Published July 18th, 2019 at 12:15 PM2 minute read
This Sunday, the grounds of Liberty Memorial will be the place to kick tires downtown when the National World I Museum and Memorial co-hosts its third annual “Great Car Show” along with the Kansas City Automotive Museum.
More than 400 vehicles are expected in a unique car show with no judgement. Anyone who wants to display their car is welcome–although there also will be an invitation-only area for a select group of rare vehicles.
“It’s an incredible cross section of vehicles from the early 20th Century to the modern era,” said Mike Vietti, director of marketing and communications for the World War I Museum. “There will be cars worth hundreds of thousands of dollars and some that aren’t.”
The fundraising event drew 3,000 people last year despite a bit of morning rain, and Vietti is anticipating a good crowd Sunday. And while the forecast is calling for slightly less intense heat, there will be plenty of places to cools off.
“There will be plenty of shaded areas, tents, lots of trees, so people will be able to get shade,” he said. “They also can use the restrooms and get water at the museum.”
The event co-hosted with the Automotive Museum in Olathe has netted $70,000 total for both non-profit organizations since it started.
Tickets, which can be purchased at the event, are $5 for adults, $2 for youth and children under 6 years old are admitted free. Combo tickets that also include admission to the National WWI Museum and Memorial are also available.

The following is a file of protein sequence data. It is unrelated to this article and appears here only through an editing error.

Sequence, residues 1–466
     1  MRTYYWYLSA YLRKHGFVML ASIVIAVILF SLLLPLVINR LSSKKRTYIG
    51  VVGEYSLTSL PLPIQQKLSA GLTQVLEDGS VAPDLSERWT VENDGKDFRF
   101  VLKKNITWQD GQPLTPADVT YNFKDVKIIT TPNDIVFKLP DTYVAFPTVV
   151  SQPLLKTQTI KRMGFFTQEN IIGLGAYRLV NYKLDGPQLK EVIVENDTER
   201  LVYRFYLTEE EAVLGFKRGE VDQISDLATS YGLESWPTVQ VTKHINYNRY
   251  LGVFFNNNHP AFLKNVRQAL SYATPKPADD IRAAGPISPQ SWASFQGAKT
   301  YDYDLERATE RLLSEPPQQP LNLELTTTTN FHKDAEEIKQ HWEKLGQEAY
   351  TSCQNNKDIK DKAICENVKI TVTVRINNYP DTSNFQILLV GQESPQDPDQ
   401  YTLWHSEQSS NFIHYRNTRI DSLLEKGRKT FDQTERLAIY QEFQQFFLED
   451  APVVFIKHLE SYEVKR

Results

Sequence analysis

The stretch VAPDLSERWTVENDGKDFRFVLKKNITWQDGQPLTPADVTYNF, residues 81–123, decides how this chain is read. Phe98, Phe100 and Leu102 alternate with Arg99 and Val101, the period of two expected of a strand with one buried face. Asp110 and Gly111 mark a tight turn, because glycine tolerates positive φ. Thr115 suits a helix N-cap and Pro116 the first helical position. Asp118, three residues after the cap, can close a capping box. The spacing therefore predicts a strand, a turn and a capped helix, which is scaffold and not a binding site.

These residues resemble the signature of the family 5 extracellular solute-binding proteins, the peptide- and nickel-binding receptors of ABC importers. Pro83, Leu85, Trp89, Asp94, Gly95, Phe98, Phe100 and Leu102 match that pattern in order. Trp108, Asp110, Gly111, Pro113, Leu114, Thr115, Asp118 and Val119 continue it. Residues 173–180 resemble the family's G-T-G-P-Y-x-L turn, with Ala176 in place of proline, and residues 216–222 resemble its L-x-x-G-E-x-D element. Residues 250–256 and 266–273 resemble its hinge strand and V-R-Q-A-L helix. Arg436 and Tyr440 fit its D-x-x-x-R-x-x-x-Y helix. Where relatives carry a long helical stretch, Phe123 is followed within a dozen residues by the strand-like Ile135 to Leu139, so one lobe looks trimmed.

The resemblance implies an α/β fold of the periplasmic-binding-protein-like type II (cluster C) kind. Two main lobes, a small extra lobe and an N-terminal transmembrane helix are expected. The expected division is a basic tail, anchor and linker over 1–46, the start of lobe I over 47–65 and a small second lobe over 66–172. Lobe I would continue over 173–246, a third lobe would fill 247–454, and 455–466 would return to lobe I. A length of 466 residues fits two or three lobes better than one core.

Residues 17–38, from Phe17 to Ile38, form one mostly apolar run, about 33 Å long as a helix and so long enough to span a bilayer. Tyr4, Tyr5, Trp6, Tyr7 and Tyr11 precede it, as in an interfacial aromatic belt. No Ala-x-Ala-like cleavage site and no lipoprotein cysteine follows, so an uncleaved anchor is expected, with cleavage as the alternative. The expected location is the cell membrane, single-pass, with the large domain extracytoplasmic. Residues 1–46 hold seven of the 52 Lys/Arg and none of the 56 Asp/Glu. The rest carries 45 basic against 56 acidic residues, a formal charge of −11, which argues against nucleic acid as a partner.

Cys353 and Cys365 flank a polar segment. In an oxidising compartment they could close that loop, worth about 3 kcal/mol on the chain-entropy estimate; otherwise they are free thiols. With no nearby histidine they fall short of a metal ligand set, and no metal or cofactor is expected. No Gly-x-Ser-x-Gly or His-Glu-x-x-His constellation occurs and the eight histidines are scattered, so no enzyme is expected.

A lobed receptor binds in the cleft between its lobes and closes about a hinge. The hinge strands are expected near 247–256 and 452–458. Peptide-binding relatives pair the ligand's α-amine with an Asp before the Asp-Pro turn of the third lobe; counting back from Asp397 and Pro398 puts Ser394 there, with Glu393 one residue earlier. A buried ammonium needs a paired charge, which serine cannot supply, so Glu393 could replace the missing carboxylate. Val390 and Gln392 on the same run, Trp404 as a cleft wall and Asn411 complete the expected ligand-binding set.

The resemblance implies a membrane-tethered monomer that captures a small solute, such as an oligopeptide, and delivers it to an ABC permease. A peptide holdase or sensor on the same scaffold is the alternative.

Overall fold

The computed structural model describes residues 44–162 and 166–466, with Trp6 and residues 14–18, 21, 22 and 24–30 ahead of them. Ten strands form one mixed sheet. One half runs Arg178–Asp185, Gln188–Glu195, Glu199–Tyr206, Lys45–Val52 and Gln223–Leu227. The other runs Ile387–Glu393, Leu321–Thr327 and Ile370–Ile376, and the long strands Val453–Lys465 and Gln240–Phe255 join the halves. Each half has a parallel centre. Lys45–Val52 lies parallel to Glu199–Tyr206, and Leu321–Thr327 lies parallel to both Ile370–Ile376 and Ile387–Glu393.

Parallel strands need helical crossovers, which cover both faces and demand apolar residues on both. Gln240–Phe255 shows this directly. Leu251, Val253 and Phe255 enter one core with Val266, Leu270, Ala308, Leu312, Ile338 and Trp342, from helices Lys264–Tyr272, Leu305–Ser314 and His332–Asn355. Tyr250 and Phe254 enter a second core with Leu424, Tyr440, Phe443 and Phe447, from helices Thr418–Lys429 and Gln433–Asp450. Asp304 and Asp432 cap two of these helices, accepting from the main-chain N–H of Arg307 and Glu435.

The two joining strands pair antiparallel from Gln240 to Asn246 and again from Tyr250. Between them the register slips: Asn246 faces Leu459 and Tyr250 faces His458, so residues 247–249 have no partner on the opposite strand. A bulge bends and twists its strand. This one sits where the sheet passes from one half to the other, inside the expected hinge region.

The hours for the Great Car Show are 10 a.m. to 3 p.m.
Besides the cars being displayed by their owners, including classics, hot rods, exotics, muscle cars and antiques, there also will be vintage military vehicles and an opportunity ride around the grounds in a Ford Model T from the early 1900s.
Among the 20 vehicles on display in the invitation-only area are a 1964 Porsche 904, a Ferrari F430, a 1922 Duesenburg Roadster, a 1927 yellow hot rod called the “Zipper,” and a 1957 Chrysler Imperial convertible orignally owned by Dr. Charles Mayo of the Mayo Clinic.
There also will be food trucks, educational automotive displays, face painting, balloon artists and more. Nearly 10,000 people have attended the first two years of the event, according to a press release.
“Our goal is to make people aware of the great work done by both organizations,” Vietti said. “The amount of activities for kids and people of all ages put it in a separate category from most car shows.”
More information can be found here.